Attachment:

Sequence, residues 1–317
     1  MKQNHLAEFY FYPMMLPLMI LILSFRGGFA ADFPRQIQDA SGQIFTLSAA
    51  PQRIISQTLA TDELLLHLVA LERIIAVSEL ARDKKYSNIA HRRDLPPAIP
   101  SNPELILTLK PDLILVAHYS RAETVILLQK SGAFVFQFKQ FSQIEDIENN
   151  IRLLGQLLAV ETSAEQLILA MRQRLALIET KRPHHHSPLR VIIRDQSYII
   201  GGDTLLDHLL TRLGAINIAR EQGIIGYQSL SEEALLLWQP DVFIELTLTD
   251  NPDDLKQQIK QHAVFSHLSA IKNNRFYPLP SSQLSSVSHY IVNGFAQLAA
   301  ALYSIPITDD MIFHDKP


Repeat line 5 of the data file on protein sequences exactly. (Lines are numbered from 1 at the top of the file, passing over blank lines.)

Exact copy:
   151  IRLLGQLLAV ETSAEQLILA MRQRLALIET KRPHHHSPLR VIIRDQSYII